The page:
This is a book that will appeal principally to fans of Lawrence Block who, like this one, are only too happy to read virtually anything that the MWA Grand Master ever wrote. But no one should expect that it's on a par with the material he wrote later, beginning with his brilliant Matthew Scudder series. And certainly it will appeal to those who enjoy the pulp novels of this era and continue to seek them out in used bookstores everywhere. All will be grateful to Hard Case Crime for presenting these stories in this fresh edition, complete with one of the classic pulp covers that the publisher does so well.

Whatever If America Turned Fascist?

The Plot Against AmericaThe Plot Against America by Philip Roth
Reviewed by Jason Koivu
My rating: 5 of 5 stars

Some said Philip Roth is the new messiah of modern writers. Philip Roth is overrated, said others.

So I read a couple of Roth's books, Exit Ghost and Everyman. With only those to go on, to me, Roth seemed like your typical aging curmudgeon. Nothing special, just an old man venting through literature his disgruntled annoyance at no longer being able to get an erection. I was ready to call it quits on him, but felt like maybe I should try one more.

So I read The Plot Against America. Boy, am I glad I did. What a joy!

Indeed, I enjoyed everything about this "what if", coming-of-age tale where horrors, both real and imagined, feed into and upon the novel's building tension. Horrors and the heart of a child. Childhood and the heart of a family. This is war vs. peace. The good, the bad and all that falls in between.

This is the story of a young Jewish boy growing up as American as can be in the New Jersey suburbs of the early 1940s. Germany is at war with the world. Hitler and his Nazis are at war with the Jews. President Roosevelt is campaigning for a 3rd term in office.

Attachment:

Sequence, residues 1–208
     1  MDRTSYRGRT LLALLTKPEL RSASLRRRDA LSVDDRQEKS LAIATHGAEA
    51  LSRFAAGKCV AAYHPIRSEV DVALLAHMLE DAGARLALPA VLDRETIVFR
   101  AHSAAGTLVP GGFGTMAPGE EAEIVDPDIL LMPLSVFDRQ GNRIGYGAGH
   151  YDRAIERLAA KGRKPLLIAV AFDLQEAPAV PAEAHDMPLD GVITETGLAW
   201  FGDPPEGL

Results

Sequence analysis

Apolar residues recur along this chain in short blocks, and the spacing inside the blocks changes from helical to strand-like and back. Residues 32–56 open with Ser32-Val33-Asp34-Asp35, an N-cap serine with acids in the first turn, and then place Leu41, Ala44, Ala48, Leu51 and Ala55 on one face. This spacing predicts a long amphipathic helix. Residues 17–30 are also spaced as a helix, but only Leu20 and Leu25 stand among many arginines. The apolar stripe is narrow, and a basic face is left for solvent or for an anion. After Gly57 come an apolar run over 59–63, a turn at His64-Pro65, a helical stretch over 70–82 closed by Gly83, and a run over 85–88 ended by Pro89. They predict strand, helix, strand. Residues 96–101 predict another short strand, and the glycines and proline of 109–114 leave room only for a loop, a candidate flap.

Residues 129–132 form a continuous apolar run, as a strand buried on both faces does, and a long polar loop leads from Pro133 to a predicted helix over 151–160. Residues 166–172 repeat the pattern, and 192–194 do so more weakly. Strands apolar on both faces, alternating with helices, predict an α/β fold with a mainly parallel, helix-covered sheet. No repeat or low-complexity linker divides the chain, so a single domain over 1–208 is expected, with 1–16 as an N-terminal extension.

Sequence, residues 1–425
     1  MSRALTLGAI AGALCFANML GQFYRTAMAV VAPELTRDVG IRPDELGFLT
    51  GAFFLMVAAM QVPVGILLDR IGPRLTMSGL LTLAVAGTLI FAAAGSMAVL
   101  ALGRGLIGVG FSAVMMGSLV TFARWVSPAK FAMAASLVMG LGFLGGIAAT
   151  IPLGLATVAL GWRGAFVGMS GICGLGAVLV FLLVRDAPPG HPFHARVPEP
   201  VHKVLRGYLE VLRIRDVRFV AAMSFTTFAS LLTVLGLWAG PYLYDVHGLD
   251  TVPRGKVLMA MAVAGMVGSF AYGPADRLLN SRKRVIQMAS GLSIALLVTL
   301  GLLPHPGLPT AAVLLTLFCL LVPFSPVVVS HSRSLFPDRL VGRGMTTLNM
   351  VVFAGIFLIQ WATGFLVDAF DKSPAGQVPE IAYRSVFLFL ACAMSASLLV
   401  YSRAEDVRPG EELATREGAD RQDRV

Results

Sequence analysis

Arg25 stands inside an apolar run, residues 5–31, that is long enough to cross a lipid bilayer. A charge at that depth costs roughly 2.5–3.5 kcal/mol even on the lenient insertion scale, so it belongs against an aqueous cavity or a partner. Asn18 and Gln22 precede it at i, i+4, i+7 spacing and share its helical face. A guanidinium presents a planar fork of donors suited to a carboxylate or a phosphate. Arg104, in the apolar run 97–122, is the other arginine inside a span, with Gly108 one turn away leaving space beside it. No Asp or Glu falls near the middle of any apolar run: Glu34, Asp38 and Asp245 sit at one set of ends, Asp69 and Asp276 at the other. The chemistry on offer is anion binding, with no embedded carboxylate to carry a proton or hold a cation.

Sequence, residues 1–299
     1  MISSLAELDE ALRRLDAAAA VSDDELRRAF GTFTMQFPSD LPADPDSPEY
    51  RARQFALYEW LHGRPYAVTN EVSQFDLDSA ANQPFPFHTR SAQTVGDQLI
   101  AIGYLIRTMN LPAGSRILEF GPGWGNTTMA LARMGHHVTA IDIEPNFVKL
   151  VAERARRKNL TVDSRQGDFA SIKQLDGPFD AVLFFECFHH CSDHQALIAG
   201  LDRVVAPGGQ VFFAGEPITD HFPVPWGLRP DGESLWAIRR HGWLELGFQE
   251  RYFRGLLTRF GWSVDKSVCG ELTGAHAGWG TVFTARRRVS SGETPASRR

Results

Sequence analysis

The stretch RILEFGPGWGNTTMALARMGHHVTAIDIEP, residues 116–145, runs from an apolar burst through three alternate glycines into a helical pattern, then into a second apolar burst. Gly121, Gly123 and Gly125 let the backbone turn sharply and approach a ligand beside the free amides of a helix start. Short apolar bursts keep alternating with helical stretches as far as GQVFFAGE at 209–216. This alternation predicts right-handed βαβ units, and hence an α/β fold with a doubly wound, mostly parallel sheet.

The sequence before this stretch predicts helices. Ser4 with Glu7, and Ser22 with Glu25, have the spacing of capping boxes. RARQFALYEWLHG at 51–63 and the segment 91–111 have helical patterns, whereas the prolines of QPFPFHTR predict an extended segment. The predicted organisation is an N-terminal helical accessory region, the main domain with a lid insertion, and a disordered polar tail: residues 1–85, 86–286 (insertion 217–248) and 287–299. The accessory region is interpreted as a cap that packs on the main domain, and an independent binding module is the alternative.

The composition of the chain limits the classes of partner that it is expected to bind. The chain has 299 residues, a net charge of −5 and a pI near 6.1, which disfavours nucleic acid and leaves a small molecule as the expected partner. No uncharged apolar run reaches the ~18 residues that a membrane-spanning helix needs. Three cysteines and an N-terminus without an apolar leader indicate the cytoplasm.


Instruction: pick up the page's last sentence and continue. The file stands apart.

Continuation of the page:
Then Roth throws a monkey wrench into the works, presenting an alternative universe where, instead of facing off with and defeating Wendell Willkie, FDR is confronted with and defeated by the intensely popular Charles Lindbergh. With their flyboy hero at America's helm, the isolationist Republicans as well as the Nazis themselves can use Lindbergh as a tool to meet their ends.

Aside from some fiddling with the Lindbergh baby history, that's about where the historical fiction ends. Lindbergh was an isolationist. He did occasionally let slip with an antisemitic remark. He did receive a medal from Goring on behalf of Hitler, and he did refuse to give it up. FDR did believe Charles Lindbergh to be a Nazi. Lindbergh's wife did privately wonder in her diary what the *bleeep!* her Swedish, Arian husband was thinking when he spouted anti Jewish nonsense.